Wednesday, March 9, 2011

Safari Errorjacking - CVE-2011-0167


Today's Safari update addresses a rather serious issue (CVE-2011-0167) that I found and reported to Apple.  This issue allows Javascript from any website to jump into the local zone and access any files accessible to the user running Safari.  This bug actually exists in WebKit, so other browsers could be affected.  This is why it's good when browsers do what Chrome did, and heavily limit what can be done by local HTML. . Check out the related reading at the end of this post for more on that.

Here's a quick video of the bug in action.  Only HTML and JavaScript are required to accomplish this.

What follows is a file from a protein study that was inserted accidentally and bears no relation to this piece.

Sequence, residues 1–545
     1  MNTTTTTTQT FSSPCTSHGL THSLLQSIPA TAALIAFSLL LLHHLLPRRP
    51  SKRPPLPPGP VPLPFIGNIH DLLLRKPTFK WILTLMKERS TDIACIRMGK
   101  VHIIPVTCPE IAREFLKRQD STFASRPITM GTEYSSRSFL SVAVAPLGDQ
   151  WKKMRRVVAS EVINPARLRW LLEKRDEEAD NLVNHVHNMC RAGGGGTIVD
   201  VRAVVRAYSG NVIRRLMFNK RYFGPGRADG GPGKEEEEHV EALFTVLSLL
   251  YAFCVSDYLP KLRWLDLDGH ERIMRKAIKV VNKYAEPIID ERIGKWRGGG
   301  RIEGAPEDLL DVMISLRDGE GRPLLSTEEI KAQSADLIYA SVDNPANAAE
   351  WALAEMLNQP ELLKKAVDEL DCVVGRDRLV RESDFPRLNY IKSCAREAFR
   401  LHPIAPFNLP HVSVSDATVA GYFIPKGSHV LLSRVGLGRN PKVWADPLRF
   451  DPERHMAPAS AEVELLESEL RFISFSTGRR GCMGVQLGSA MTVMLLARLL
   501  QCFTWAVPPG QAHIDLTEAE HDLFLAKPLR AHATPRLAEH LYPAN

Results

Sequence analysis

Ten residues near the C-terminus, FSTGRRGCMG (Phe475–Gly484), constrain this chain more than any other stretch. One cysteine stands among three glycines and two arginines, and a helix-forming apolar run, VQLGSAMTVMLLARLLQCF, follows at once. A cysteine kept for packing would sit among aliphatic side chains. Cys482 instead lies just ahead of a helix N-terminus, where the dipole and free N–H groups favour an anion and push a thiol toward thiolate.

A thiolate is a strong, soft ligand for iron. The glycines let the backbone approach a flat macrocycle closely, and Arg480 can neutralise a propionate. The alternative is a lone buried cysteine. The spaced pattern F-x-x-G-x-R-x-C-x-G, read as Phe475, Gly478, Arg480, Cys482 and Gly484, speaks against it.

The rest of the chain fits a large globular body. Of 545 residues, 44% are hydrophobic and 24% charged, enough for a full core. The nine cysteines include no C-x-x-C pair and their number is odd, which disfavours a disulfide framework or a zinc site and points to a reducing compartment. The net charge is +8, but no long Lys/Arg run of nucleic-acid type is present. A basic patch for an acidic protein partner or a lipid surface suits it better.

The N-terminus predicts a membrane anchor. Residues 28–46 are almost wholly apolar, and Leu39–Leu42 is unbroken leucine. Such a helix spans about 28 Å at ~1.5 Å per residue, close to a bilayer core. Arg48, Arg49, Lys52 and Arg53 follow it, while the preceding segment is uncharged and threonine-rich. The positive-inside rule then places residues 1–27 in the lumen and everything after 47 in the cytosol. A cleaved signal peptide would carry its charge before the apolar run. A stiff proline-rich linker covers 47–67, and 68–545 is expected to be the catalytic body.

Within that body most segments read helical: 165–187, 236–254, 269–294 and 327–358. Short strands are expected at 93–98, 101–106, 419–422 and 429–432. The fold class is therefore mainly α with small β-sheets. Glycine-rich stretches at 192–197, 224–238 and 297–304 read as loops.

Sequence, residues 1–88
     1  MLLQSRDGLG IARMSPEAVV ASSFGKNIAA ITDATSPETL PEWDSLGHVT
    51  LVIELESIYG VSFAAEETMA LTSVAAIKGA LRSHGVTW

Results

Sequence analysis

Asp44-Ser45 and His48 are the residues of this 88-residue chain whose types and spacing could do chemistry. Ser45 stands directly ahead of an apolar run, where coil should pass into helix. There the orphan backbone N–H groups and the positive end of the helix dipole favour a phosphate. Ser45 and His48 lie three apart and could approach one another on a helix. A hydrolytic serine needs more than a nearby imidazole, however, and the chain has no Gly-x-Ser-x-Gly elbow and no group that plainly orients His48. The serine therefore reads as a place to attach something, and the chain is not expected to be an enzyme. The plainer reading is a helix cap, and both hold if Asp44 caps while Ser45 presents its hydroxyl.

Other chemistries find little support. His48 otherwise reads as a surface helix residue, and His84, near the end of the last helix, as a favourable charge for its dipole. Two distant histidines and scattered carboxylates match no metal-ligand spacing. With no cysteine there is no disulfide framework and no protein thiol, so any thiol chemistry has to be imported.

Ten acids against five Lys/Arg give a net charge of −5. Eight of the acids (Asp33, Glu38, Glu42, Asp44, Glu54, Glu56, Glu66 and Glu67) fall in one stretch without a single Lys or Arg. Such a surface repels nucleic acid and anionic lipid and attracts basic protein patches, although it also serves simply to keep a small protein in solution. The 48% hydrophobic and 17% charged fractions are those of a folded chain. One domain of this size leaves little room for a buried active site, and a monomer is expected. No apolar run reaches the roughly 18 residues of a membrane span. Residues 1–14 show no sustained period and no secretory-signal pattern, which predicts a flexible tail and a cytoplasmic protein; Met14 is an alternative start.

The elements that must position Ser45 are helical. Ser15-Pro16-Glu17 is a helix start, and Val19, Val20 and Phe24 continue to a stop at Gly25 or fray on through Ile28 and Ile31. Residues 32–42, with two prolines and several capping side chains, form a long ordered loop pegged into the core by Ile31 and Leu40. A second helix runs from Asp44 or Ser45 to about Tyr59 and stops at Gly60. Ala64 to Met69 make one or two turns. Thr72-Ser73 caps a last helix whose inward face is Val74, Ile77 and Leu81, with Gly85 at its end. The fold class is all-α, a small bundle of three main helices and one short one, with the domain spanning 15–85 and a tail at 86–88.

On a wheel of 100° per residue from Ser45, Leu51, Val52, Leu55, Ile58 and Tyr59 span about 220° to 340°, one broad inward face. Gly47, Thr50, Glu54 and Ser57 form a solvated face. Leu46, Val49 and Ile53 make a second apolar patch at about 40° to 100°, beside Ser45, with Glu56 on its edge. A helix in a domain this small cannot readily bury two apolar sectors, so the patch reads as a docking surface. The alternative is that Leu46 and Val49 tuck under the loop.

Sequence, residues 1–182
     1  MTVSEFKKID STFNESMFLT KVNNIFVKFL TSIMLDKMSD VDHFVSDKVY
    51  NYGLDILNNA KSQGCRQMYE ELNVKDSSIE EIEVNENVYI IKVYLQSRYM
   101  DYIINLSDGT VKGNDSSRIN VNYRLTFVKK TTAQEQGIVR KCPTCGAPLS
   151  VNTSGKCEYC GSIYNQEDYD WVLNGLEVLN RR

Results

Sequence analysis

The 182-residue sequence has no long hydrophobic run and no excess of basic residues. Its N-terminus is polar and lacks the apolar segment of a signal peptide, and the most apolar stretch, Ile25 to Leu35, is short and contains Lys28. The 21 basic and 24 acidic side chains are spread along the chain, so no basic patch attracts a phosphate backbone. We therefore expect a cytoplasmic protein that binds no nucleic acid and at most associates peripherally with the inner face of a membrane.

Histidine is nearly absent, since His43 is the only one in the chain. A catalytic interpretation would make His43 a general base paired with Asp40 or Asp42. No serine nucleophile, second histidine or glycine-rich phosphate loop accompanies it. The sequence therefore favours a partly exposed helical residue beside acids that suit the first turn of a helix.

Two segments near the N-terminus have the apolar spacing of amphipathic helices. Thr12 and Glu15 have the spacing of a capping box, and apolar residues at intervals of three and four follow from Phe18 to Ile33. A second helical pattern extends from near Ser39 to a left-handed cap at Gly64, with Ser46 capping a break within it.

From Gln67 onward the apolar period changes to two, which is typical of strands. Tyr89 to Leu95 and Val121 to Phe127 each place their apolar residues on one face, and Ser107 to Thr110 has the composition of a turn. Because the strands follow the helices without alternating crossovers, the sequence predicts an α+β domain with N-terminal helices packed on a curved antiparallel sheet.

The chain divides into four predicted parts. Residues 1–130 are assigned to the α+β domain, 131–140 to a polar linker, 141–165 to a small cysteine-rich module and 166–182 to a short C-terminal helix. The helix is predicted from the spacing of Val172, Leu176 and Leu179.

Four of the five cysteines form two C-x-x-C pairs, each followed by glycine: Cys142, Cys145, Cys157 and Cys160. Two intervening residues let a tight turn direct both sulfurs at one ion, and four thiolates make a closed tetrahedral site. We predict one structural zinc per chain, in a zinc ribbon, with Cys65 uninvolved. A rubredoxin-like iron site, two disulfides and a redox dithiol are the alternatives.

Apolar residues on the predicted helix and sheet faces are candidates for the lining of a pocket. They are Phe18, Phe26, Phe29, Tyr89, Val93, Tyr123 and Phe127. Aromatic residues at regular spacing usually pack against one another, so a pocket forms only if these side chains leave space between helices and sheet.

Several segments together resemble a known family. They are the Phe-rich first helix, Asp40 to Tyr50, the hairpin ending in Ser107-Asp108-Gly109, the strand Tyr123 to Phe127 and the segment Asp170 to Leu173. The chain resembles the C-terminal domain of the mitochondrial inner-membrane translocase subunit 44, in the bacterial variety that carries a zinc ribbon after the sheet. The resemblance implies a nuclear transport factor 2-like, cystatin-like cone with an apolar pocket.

Bug description:

The problem is that when internally generated pages (such as error pages) are loaded, they are loaded from the local "file:" zone, but the window's location can still be set by all scripts that have a reference to the window, such as an attacker's website.

Why remote-to-local matters:

Safari normally blocks loading of local content from remote sites for a ton of reasons.  One reason is that local content in Safari has a fair bit of power*, including the ability to read any file accessible to the current user.  This can be accomplished a number of ways.  The easiest is using XMLHttpRequest()s in order to read files by "file:///" URL.  Once loaded, the content can be sent anywhere.  

*To read about the many other things that local HTML can do, check out the related reading links below.